The study reports that chronic cannabis consumers have anterior cingulate cortex (ACC) and amygdala deactivation in response to "subconscious presentation of emotional faces," compared to a control group displaying increased activation. The ACC plays a role in error monitoring, behavioral correction, and inhibition when responding to contextual or environmental changes, so a deactivation of the ACC and the amygdala could "manifest as inappropriate interpersonal responses or altered perceptions of interpersonal behavior in others." In other words, chronic consumption can be deactivating the part of your brain that keeps your stinkface reaction in check.
So what's the downside to being a grumpypus? Well, according to researchers, impulsivity is associated with a higher risk for mental health issues, addiction disorders, and risky behavior, while hostility can be tied to cardiovascular risk, stress-related health dysfunction, troubled intimacy, and other aggressive behaviors.
The study, however, is not without flaws. The sample size is incredibly small, and researchers were unable to observe any effects of alcohol use on impulsivity or hostility, despite citing previous studies that have identified such effects (to be fair, another study was cited that also failed to find alcohol effects on risk-taking behavior, though five minutes on YouTube should lend credence to the idea that alcohol and risk-taking behavior are often related).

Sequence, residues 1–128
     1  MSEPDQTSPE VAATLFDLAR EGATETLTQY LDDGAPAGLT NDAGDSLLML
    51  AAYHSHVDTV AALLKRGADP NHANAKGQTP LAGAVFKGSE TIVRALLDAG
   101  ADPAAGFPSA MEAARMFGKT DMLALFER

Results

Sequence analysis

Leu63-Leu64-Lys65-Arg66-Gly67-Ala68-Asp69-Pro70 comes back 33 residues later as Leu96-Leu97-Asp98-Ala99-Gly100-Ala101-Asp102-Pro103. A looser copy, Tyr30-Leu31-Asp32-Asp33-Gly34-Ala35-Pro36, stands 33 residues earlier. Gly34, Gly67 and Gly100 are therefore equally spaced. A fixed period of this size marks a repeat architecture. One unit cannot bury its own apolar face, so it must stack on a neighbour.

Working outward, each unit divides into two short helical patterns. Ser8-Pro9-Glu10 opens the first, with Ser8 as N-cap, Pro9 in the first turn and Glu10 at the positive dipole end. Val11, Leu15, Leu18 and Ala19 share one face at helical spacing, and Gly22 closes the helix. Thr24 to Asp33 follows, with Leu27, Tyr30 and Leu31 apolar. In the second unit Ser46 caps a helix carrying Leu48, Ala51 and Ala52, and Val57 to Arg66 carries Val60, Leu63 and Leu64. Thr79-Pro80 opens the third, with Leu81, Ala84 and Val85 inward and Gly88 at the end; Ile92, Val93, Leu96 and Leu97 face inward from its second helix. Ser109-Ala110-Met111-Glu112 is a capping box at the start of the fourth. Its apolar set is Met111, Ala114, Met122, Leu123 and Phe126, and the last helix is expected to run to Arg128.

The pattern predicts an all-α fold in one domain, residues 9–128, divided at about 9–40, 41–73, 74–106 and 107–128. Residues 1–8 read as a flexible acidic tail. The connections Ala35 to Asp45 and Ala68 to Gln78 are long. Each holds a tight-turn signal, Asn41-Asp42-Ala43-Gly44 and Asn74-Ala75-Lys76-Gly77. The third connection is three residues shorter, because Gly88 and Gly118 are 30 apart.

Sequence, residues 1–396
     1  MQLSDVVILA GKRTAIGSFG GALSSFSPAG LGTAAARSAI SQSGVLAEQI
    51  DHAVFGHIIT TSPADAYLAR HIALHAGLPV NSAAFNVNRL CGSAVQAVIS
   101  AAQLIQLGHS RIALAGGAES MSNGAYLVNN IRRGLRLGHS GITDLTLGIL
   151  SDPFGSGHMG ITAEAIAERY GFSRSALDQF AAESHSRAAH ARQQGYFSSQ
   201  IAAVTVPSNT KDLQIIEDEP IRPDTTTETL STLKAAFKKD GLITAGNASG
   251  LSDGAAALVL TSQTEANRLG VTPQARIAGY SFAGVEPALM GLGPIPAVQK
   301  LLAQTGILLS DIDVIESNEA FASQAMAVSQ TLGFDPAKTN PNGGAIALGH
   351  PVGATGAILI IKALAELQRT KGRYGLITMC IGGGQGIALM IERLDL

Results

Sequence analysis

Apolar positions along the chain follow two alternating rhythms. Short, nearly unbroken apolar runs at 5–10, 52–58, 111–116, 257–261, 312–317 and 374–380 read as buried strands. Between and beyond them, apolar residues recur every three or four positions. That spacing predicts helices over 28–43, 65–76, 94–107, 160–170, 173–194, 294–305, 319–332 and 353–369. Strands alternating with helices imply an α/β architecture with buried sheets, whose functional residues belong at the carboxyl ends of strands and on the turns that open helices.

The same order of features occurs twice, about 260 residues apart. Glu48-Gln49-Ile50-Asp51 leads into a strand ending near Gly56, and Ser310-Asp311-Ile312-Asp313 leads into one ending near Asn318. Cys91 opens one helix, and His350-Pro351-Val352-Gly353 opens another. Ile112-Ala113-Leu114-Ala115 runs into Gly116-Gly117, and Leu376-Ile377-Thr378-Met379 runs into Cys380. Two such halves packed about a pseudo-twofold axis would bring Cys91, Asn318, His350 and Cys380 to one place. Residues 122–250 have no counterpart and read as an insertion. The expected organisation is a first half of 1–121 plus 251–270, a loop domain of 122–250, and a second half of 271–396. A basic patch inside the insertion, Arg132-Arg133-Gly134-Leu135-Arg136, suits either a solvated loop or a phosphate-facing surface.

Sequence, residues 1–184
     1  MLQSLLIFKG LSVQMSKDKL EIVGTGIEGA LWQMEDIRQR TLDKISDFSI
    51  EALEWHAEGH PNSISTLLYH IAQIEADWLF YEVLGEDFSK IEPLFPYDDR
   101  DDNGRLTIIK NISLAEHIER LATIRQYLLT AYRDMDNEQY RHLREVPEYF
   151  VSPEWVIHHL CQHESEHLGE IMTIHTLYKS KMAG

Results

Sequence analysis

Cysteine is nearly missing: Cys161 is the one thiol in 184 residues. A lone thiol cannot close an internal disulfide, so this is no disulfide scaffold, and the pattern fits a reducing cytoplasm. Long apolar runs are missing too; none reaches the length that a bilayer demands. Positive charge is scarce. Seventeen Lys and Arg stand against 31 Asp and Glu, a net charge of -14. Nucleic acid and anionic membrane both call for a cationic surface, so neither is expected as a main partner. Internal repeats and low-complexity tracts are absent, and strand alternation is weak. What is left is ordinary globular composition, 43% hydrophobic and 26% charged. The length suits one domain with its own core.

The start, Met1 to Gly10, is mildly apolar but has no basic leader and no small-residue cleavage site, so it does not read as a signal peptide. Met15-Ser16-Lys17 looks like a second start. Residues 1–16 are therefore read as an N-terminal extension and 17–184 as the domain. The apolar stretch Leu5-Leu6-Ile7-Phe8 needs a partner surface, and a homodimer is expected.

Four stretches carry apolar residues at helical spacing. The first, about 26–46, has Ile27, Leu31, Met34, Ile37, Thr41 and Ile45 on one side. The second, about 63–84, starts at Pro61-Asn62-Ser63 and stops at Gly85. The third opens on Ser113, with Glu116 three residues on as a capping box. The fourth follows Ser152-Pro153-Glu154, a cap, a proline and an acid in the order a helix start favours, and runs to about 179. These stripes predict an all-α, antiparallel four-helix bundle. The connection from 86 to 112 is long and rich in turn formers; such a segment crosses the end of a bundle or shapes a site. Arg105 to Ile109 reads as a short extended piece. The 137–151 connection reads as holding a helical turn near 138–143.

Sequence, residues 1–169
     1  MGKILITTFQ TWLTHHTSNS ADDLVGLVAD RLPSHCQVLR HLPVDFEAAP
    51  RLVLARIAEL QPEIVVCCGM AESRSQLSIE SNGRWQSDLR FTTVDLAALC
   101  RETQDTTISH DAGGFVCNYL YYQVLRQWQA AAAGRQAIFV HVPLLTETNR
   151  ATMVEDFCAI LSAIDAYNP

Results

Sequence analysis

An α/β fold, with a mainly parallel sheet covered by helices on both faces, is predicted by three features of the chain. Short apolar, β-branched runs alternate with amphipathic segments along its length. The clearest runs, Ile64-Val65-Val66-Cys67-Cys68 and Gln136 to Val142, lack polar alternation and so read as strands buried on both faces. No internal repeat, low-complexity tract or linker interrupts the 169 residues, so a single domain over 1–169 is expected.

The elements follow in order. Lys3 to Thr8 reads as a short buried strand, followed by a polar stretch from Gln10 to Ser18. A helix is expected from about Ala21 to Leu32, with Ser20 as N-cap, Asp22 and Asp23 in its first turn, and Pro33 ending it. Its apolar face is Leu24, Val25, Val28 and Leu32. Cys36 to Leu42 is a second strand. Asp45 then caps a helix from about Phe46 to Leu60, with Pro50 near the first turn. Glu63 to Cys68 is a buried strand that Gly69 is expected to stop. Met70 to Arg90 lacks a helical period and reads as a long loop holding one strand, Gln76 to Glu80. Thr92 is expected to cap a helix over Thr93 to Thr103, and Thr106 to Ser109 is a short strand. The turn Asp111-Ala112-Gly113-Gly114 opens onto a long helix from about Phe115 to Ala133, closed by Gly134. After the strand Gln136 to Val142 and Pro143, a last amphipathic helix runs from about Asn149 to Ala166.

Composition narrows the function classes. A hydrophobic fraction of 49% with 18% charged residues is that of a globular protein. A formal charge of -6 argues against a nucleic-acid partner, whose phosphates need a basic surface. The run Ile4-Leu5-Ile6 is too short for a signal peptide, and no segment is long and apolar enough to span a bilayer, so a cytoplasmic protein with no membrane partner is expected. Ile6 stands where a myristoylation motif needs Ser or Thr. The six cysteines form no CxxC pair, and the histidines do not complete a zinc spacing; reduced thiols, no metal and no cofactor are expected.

Second, the researchers conceded that "asking participants to rate their own behaviors may have promoted a level of self-awareness that subsequently impacts either interpersonal behaviors or ratings of behaviors," and that "future research should examine whether self-monitoring of interpersonal behaviors results in differences in actual behaviors." In other words, the participants could have been overly self-critical since they knew they had to log their daily behavior for this study. First, the researchers' primary predictor of interest was whether their subjects reported any cannabis use vs. specific doses, which, as we know, can vary considerably.
Finally, and quite possibly most amusingly, "…individuals may have been intoxicated while completing the surveys and this may have biased the responses for same day effects. Future research should examine whether level of intoxication changes these effects." Translation: Our subjects could have been super drunk or super stoned or both, so their self-reported data could be skewed.
So does cannabis make you grumpy or not? According to this study, yes, but as with all cannabis findings, more research is needed because the limited number of studies that exist are only able to tell us a partial story. Also, this study was narrow in its scope and flawed in its methodology, which is another reason why we need more research so we can test, re-test, and test some more until we're able to come to more confident conclusions. Re-scheduling cannabis would be a huge step in the right direction, as it would open up more research avenues.
Time for you to weigh in! In your personal experience, have you noticed your mood turning sour after chronic cannabis consumption, or is the outcome of this study the only thing making you angry right now?
Source: Ansell, E.B., et al., Effects of marijuana use on impulsivity and hostility in daily life. Drug Alcohol Depend. (2015), http://dx.doi.org/10.1016/j.drugalcdep.2014.12.029